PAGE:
addf deadzone.3 servo-thread
addf deadzone.4 servo-thread
addf deadzone.5 servo-thread
addf conv-s32-float.3 servo-thread
addf conv-s32-float.4 servo-thread
addf conv-s32-float.5 servo-thread

#And now we add the position and jog conversions. 
addf wcomp.0 servo-thread
addf wcomp.1 servo-thread
addf wcomp.2 servo-thread
addf wcomp.3 servo-thread
addf wcomp.4 servo-thread
addf wcomp.5 servo-thread

addf edge.0 servo-thread
addf edge.1 servo-thread
addf edge.2 servo-thread

addf not.0 servo-thread
addf not.1 servo-thread
addf not.2 servo-thread

addf offset.0.update-output servo-thread
addf offset.1.update-output servo-thread
addf offset.2.update-output servo-thread

addf conv-s32-float.0 servo-thread
addf conv-s32-float.1 servo-thread
addf conv-s32-float.2 servo-thread
addf conv-s32-float.6 servo-thread
addf conv-s32-float.7 servo-thread
addf conv-s32-float.8 servo-thread
addf conv-s32-float.9 servo-thread

addf mux2.3 servo-thread
addf mux2.4 servo-thread
addf mux2.5 servo-thread

addf conv-s32-bit.0 servo-thread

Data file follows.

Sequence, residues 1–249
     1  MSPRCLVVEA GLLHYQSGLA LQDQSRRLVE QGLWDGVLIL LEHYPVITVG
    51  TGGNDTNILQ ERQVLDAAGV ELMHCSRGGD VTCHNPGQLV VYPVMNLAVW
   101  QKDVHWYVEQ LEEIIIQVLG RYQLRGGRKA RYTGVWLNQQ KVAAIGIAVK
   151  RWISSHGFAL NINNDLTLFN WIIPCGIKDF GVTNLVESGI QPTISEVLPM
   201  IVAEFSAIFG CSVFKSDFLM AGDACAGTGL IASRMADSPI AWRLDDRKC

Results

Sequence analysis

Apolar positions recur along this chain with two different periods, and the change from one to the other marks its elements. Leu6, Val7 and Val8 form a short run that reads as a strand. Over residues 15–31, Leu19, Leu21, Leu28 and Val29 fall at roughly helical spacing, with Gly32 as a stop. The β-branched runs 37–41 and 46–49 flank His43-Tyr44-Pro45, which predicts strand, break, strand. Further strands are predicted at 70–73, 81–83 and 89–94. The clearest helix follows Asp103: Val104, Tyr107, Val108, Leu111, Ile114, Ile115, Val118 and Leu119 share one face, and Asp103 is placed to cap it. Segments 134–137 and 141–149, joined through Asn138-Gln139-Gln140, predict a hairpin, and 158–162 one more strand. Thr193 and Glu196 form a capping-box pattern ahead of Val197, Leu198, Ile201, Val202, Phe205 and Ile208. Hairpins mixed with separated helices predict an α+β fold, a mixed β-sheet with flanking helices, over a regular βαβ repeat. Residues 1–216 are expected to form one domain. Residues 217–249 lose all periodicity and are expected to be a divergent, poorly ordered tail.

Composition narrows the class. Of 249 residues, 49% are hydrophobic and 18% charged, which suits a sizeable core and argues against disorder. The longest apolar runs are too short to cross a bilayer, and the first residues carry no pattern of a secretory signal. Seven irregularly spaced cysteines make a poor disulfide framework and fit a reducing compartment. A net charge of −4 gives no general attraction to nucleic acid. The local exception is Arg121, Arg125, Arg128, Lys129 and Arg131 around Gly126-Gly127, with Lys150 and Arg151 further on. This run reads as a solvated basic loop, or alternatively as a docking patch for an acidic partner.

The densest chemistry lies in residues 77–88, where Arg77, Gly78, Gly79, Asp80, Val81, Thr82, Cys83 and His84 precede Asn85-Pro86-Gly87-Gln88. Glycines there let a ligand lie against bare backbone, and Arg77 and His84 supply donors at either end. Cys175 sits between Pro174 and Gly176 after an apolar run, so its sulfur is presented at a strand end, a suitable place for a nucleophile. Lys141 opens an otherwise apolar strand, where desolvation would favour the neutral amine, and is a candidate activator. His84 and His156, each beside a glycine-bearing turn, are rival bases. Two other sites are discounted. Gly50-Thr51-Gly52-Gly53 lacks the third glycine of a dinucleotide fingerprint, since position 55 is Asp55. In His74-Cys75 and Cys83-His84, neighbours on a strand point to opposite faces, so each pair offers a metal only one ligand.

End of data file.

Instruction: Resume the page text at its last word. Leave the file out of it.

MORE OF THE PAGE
addf conv-s32-bit.1 servo-thread
addf conv-s32-bit.2 servo-thread
addf conv-s32-bit.3 servo-thread
addf conv-s32-bit.4 servo-thread
addf conv-s32-bit.5 servo-thread

addf conv-bit-s32.0 servo-thread
addf conv-bit-s32.1 servo-thread
addf conv-bit-s32.2 servo-thread
addf conv-bit-s32.3 servo-thread
addf conv-bit-s32.4 servo-thread
addf conv-bit-s32.5 servo-thread

# Update the last set of multiplexors before the encoder
addf mux2.0 servo-thread
addf mux2.1 servo-thread
addf mux2.2 servo-thread

# Now that the positioning data is up to date, we update the encoders, both real and simulated. 
addf encoder.capture-position servo-thread
addf sim-encoder.update-speed servo-thread
addf encoder.update-counters base-thread
addf sim-encoder.make-pulses base-thread

# Now we can update the speed values. They aren't that critical in terms of calculation order, since the user will have to 
# look down, press the button, then resume. The computer will react millions of times faster than even the twitchiest 
# gamer / machinist.
addf flipflop.0 servo-thread
addf mux2.6 servo-thread
addf flipflop.1 servo-thread
addf mux2.7 servo-thread

# Coolant is the slowest possible thing we can add due to the lag and the pump.
addf and2.0 joy-thread
addf and2.1 joy-thread
addf not.3 joy-thread


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Edited May 19, 2010 11:46 am by Jthornton (diff)